- Associated Press - Saturday, July 26, 2014

WORCESTER, Mass. (AP) - Shortstop Don Basinsky picked up a ground ball, stepped on second base and underhanded a throw to first to complete a double play at Rockwood Field.

You’d never guess that the Holden resident is 79 years old. Does anybody tell Basinsky that he’s crazy to be still playing softball at his age?

“No,” Basinky said. “They just say I’m crazy. Everybody says that. I tell them I have brains I haven’t used yet and they believe it.”

Basinsky is quite a character, and Worcester Senior Softball is filled with them. They’re true old-timers who want to compete and share a few laughs. The league is open to anyone age 55 or older. Many of the players are in their 70s and 80s.

At many games, Basinsky wears Superman socks with streamers attached to them, but not the day a reporter interviewed him at a game.

“This is the first time I’ve washed them in three years,” he explained. “Otherwise, I wouldn’t have been able to get them off.”

Each time Basinsky steps to the plate, he points his left hand toward the outfield fence like Babe Ruth once did. Basinsky said his wife, Isabelle, likes that he plays because it gets him out of the house.

“I haven’t talked to her the last three months. I didn’t want to interrupt her,” he deadpanned.

Worcester Senior Softball plays a game each Tuesday and Thursday morning at Rockwood Field. Usually, enough players show up to field three teams, so they rotate at bat, in the field and sitting out so they don’t overdo it. The travel team plays doubleheaders throughout the region on Mondays or Wednesdays.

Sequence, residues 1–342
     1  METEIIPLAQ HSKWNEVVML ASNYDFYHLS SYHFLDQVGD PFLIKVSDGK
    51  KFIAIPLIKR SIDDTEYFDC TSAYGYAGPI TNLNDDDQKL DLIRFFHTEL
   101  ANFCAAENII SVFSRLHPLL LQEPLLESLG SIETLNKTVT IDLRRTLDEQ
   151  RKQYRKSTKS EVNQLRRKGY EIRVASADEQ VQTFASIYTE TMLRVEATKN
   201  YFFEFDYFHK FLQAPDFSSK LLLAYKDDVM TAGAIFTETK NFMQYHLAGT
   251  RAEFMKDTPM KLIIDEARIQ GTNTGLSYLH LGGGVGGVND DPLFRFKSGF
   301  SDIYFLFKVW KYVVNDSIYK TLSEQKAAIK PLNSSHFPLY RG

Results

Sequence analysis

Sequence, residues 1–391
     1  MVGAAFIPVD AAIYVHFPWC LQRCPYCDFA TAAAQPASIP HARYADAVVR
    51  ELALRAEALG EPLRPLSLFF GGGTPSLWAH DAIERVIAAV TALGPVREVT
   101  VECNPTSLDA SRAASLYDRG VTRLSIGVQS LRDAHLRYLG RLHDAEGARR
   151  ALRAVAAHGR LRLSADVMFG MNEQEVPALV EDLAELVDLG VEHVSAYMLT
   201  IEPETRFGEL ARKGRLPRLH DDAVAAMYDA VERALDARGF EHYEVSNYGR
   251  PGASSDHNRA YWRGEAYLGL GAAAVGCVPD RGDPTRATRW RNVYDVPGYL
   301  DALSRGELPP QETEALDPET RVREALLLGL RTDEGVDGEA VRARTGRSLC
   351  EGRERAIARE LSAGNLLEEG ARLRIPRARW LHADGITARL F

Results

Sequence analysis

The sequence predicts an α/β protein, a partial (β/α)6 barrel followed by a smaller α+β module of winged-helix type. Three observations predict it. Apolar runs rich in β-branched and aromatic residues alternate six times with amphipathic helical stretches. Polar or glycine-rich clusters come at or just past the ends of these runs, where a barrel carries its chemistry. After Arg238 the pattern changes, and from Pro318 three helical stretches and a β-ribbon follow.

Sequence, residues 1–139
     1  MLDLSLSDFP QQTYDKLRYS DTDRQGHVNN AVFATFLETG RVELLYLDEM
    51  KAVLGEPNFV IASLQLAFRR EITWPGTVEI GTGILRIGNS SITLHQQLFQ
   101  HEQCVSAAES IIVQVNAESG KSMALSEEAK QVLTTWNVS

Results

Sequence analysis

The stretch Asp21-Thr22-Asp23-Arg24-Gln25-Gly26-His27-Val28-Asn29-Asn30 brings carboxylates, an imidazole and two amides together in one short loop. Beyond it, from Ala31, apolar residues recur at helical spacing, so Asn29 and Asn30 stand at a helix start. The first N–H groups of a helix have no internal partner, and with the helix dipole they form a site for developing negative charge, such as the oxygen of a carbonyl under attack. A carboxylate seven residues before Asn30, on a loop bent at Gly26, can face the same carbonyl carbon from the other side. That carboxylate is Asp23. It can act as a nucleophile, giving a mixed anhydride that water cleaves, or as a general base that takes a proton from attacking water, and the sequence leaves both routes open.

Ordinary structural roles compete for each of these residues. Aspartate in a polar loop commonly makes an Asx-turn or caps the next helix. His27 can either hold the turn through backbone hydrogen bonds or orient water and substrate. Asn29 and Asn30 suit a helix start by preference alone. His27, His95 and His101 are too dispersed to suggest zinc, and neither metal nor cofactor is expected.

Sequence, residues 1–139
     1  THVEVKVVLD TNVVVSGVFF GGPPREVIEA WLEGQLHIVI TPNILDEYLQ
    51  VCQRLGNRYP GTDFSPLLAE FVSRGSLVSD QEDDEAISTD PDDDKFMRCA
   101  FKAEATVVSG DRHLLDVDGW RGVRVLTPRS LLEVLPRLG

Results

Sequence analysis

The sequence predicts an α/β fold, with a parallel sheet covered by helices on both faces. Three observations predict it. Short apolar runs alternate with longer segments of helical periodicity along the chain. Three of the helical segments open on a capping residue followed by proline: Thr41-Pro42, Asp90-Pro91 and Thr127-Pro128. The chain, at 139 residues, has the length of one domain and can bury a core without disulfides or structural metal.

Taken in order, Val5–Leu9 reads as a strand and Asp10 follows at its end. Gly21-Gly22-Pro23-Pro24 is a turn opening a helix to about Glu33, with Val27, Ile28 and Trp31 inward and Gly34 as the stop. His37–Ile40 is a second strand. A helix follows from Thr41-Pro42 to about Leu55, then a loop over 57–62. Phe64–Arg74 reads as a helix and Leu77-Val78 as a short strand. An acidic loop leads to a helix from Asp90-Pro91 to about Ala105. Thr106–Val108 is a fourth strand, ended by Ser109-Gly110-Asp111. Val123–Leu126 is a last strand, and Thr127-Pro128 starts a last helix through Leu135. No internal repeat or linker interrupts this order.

Ray Lauring of Worcester formed Worcester Senior Softball in 1991 after playing in Florida. At 88, he’s the oldest player in the league, a year older than Dudley Bowker of Worcester.

During a recent game, Lauring answered a call on his cell - while he was playing in the outfield. He had to tell the caller to hold on a minute because a fly ball was hit in his direction. After he caught the fly for the third out, he resumed his phone conversation.

“We do a lot of unusual things around here,” he said.

But they can still play. Shortstop Ralph “Fuzzy” Fusaro still has soft hands and a strong arm at age 81.

“When Fuzzy goes in the hole, makes the play and throws to first base,” said Rich McMahon, 67, of Worcester, “you take it for granted. But I say, ‘Wait a minute, he’s 81.’ He makes it look easy.”

Former Worcester police chief Ed Gardella, 74, calls Fusaro “Brooks Robinson.” Fusaro can hit as well. In a recent game, he lined a home run over the left-field fence.

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